Termination Pay: If a temporary layoff exceeds the allowed duration, it is considered a termination, and the employer may be required to provide termination pay or notice of termination as outlined in the ESA. The length of service of the employee and other factors will determine the amount of termination pay required.

Constructive Dismissal: In some cases, if an employer imposes a temporary layoff that is not permitted by the ESA or if the layoff extends beyond the allowable duration, it may be considered a constructive dismissal. This means that the employee may have the right to treat the layoff as a termination and seek severance pay or damages.

Recall Rights: When an employer temporarily lays off an employee with the intention of recalling them, they should provide a written statement outlining the date of recall or the end of employment. The employee retains their rights to benefits during the layoff period, and if recalled, they have the right to return to their former position or a comparable one.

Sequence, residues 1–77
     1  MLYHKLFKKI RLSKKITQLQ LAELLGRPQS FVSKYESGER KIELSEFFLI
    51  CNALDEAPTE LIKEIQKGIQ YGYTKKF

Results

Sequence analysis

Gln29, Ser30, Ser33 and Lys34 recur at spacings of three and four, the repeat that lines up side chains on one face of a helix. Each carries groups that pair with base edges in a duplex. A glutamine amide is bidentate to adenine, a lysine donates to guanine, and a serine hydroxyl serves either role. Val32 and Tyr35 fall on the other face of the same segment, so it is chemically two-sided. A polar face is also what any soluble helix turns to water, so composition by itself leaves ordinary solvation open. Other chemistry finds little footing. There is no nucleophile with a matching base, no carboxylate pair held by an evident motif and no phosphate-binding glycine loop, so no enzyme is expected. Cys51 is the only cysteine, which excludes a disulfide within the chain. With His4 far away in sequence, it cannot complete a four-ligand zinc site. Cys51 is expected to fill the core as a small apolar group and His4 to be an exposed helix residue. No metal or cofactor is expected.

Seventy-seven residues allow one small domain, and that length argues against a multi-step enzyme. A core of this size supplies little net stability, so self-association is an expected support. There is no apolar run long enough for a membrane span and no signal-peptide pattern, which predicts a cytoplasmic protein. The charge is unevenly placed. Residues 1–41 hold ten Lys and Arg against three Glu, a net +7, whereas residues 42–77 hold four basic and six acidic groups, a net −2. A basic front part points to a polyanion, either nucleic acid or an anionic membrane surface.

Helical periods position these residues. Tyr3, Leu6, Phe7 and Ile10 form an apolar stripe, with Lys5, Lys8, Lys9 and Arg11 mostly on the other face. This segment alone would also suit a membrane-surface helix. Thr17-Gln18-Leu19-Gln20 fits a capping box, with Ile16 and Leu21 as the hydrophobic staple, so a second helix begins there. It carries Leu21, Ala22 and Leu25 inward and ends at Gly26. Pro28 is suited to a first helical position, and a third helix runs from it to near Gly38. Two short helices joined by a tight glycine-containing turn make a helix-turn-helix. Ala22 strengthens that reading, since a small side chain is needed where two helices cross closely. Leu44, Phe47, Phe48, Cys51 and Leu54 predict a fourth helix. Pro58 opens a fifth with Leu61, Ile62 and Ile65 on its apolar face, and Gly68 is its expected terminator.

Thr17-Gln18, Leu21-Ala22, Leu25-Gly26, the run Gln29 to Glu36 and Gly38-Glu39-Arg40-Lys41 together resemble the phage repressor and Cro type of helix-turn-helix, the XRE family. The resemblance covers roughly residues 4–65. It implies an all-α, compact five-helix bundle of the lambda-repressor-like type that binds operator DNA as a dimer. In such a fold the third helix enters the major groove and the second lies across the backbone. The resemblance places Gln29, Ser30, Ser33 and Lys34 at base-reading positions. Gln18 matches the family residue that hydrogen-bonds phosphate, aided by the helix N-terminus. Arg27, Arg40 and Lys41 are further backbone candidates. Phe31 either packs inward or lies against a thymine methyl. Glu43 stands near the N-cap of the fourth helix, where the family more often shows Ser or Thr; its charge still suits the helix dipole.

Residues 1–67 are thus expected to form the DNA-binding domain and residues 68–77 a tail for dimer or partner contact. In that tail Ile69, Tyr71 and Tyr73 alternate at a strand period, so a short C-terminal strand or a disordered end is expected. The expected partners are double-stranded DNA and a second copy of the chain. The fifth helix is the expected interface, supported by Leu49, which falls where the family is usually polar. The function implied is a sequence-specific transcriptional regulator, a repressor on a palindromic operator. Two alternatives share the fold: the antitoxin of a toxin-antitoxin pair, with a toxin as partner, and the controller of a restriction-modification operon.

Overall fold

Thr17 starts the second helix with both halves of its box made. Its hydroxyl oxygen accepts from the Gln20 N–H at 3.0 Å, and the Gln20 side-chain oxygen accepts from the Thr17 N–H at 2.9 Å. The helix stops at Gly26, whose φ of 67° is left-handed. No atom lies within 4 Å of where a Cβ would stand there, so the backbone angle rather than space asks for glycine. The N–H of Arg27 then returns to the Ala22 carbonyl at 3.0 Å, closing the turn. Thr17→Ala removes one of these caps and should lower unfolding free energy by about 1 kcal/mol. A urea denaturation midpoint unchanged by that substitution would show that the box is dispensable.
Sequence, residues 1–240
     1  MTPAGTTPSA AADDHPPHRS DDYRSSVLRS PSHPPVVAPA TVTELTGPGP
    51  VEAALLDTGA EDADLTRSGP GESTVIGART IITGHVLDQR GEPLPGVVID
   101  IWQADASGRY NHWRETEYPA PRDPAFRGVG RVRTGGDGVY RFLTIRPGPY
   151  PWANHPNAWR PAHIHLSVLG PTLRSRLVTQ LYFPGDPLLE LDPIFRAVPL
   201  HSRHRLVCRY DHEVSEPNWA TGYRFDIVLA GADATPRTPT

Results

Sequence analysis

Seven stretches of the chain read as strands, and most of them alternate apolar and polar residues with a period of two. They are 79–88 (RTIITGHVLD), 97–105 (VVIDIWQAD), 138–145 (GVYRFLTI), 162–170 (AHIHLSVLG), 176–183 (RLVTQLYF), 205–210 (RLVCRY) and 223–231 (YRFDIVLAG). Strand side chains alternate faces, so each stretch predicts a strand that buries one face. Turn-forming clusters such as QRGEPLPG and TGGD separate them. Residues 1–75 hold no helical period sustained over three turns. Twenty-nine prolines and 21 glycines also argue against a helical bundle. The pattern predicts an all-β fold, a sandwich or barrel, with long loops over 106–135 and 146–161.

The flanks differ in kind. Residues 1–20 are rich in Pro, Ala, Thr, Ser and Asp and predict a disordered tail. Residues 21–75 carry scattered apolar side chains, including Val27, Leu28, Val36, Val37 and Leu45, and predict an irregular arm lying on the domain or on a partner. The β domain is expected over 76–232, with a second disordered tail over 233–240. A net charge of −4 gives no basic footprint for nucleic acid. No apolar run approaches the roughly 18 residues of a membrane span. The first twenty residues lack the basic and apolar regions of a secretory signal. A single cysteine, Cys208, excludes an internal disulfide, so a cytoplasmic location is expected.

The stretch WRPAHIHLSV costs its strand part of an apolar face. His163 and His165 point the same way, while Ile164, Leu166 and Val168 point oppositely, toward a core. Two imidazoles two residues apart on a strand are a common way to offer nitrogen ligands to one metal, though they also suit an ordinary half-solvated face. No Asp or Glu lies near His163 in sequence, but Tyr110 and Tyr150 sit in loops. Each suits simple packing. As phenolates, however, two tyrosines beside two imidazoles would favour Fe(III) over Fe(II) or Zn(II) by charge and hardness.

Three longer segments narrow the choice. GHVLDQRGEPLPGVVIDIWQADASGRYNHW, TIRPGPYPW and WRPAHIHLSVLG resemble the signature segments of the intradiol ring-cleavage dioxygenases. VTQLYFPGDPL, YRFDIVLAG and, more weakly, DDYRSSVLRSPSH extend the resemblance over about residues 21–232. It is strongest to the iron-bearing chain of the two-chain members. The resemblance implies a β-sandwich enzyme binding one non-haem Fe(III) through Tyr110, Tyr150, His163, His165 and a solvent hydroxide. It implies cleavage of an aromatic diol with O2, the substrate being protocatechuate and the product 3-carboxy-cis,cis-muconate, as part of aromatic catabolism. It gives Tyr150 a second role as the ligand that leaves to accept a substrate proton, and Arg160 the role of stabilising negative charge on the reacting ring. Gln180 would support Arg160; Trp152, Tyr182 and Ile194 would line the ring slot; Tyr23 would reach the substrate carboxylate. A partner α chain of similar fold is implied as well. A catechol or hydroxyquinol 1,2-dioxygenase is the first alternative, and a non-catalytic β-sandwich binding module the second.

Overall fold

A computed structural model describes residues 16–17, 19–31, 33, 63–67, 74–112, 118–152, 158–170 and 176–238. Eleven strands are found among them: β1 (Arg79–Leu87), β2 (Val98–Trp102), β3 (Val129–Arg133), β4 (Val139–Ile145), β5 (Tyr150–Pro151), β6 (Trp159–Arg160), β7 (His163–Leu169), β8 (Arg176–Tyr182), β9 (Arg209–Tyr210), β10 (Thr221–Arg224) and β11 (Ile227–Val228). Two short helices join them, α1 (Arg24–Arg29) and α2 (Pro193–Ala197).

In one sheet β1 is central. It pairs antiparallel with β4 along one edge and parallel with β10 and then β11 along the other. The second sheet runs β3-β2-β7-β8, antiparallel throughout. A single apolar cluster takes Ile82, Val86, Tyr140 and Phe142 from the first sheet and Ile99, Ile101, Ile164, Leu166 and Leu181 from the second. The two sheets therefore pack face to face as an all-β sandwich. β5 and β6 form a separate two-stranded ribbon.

Unionized Employees: If employees are covered by a collective agreement (union contract), the terms of the agreement may govern layoffs and recall rights. These agreements may have specific provisions related to layoffs that differ from the ESA.

COVID-19 Exception: During the COVID-19 pandemic, the Ontario government introduced temporary measures to provide flexibility to employers regarding layoffs. These measures may have evolved over time, so it’s important to check for the latest updates.

It’s crucial for both employers and employees to be aware of the specific circumstances and regulations surrounding layoffs in Ontario. If you have questions or concerns about a layoff, seeking legal advice or contacting the Ontario Ministry of Labour, Training and Skills Development can provide clarity and guidance based on the current laws and regulations.